If Gov. Pat Quinn or anyone else has any thought that the federal government will pull Illinois back from the ledge of financial ruin, forget it.
Sen. Jim DeMint, R-S.C., and a Wall Street Journal editorial warned Illinois that it shouldn't think about a bailout in the form of a federal guarantee of the state's trashy bonds, apparently before more than a few here were even thinking about it. Or at least saying so publicly.
However, the Journal editorial ("An Illinois Pension Bailout?" Sept. 20) and DeMint, joined by the conservative Illinois Policy Institute, anticipate the request by pointing to Quinn's remarks in presenting his fiscal year 2012 budget. There Quinn raised the possibility of a federal guarantee of the state's indebtedness as one of three "significant long-term improvements" to the state's crushing pension debt. (The other two were "significant pension reforms" and debt refinancing.)
Question: Who would be stupid enough to buy Illinois bonds, probably the riskiest investment outside of Europe? And why should American taxpayers be put in the position of backing anyone stupid enough to buy those bonds?
As the Journal editors noted: "Sooner or later, we knew it would come to this since the Democrats who are running Illinois into the ground can't bring themselves to oppose union demands. (Witness the costly settlement of the Chicago teachers strike.) Illinois now has some $8 billion in current debts outstanding, and taxpayers are on the hook for more than $200 billion in unfunded retirement costs for government workers. By some estimates, the system could be the first in the nation to go broke, as early as 2018."
Or sooner, I'd say.
We've raised taxes and who would dare suggest another increase? Services are being cut. We've borrowed up to our necks. Federal assistance? Laughable. The numbers are almost beyond comprehension:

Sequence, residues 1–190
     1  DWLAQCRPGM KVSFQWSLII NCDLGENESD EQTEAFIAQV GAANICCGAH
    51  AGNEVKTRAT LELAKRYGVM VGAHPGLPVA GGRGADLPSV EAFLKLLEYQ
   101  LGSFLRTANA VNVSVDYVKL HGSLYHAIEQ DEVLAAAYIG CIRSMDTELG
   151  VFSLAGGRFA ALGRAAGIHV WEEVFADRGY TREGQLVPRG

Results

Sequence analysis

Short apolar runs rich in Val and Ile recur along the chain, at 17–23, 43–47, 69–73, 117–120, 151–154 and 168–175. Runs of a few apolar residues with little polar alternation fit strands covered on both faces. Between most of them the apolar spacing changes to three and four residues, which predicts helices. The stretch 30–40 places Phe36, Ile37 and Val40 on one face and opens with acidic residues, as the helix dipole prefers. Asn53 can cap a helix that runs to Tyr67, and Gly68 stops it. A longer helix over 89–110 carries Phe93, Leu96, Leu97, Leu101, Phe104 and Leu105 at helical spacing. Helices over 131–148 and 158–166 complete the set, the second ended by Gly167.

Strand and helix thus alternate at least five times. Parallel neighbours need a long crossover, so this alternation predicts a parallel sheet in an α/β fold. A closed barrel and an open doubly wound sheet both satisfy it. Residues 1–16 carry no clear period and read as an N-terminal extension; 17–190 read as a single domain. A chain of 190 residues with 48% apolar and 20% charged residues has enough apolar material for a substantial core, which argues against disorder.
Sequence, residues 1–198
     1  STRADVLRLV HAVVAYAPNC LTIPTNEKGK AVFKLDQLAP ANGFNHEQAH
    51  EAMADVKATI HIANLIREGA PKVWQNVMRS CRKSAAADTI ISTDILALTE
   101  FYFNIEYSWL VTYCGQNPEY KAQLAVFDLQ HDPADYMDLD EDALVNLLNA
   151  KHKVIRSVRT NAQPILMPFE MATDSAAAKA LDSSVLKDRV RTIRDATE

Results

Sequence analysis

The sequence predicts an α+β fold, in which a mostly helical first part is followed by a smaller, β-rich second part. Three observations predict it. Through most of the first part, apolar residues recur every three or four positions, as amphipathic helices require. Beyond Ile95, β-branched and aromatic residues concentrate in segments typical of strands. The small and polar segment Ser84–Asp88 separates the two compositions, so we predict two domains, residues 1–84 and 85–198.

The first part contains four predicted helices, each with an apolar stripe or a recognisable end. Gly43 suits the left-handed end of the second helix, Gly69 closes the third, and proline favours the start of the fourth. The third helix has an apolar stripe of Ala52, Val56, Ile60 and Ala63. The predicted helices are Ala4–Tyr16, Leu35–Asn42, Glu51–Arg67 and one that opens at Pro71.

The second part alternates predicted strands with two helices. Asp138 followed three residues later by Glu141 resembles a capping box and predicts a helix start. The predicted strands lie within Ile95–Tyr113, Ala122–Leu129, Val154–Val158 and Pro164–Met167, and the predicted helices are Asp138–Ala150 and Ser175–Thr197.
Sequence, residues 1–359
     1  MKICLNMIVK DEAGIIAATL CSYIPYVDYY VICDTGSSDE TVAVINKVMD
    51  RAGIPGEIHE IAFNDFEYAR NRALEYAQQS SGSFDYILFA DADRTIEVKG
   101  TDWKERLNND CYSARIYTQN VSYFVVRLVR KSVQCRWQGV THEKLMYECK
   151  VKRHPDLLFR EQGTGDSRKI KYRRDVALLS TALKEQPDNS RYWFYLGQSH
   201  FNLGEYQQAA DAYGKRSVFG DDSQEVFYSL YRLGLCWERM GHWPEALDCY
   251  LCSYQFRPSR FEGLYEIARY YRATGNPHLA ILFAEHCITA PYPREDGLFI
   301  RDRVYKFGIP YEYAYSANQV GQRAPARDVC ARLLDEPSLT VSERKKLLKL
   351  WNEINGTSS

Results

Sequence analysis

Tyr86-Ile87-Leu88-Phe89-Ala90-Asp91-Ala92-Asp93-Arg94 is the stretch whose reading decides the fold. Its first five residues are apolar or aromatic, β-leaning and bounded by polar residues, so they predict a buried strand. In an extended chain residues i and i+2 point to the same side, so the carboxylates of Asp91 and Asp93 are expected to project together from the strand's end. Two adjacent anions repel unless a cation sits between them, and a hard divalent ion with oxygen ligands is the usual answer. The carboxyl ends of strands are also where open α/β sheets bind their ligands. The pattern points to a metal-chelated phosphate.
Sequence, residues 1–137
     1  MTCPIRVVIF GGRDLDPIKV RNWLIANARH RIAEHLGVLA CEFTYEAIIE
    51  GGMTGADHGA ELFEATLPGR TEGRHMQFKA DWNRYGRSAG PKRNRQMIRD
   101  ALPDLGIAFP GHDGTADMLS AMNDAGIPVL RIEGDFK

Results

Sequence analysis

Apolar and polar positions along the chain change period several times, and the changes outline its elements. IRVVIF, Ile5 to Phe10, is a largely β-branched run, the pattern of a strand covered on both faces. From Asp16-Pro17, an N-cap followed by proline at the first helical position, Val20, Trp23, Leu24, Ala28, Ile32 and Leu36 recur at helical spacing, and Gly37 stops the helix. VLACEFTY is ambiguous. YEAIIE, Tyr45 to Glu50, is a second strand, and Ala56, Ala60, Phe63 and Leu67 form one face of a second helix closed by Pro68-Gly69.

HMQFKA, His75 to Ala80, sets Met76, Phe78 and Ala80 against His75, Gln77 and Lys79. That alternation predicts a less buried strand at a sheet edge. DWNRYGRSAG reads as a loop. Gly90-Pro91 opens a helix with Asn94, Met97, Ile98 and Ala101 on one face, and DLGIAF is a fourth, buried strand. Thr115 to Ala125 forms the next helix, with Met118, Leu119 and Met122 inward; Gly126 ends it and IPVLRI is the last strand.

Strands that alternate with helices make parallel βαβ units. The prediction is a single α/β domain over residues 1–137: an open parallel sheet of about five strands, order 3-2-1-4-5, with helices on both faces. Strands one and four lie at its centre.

Just last week, custodians of the state's Teachers' Retirement System announced that Illinois would have to cough up another $670 million in the next budget. That overnight, jarring increase was the result of the application of realistic accounting methods to calculate what's needed to keep the pension fund breathing.
Quinn's budget office said last month that by 2016, the state is on track to spend more on government pensions than on education. Thank you, educators; so much for those students you claim you love so much.
The new accounting rules by the Governmental Accounting Standards Board and Moody's Investment Services lift the veil on how politicians and the unions have hidden how much they are into taxpayers' pockets by grossly overestimating what the pension fund returns.
The Illinois Policy Institute estimates the fund will require a return on investment of 19 percent to cover future payouts, and if they can figure out how to do that, I wish they'd give me the phone number of their investment adviser. As it is, the state predicts the funds will earn a return of 7 percent to 8.5 percent annually, which seems laughable in today's economy.
If the feds give in to any Illinois bailout request (remember, it's President Barack Obama's home state), it will start a stampede of demands for equal treatment from other financially troubled states whose public pension debts, depending on who is making the estimate, vary from $1 trillion to $2.5 trillion or more. Asking the federal government, which is $16 trillion in debt, is like trying to pump water from a dry well.
The institute says we can get out of this problem by, among other things, freezing government pensions and limiting the 3 percent annual "cost-of-living" increase that retirees get. True, many employees contributed to their pensions and believe it's their right to receive everything promised to them. And the state has inexcusably raided the pension funds to pay for everyday expenses. But that's only part of the story; what the employees and employers have contributed could never cover the promised bountiful benefits.
The Journal reports that since 2009, 45 states have scaled back pension benefits for teachers, police, firefighters and other public workers. Illinois politicians have reduced benefits for new workers, but the real economies have yet to be achieved, thanks to the strong opposition of public employee unions.
States, cities and the feds all face killer debts. Honestly, I can see no way out of this mess.
Dennis Byrne, a Chicago writer, blogs in The Barbershop in chicagonow.com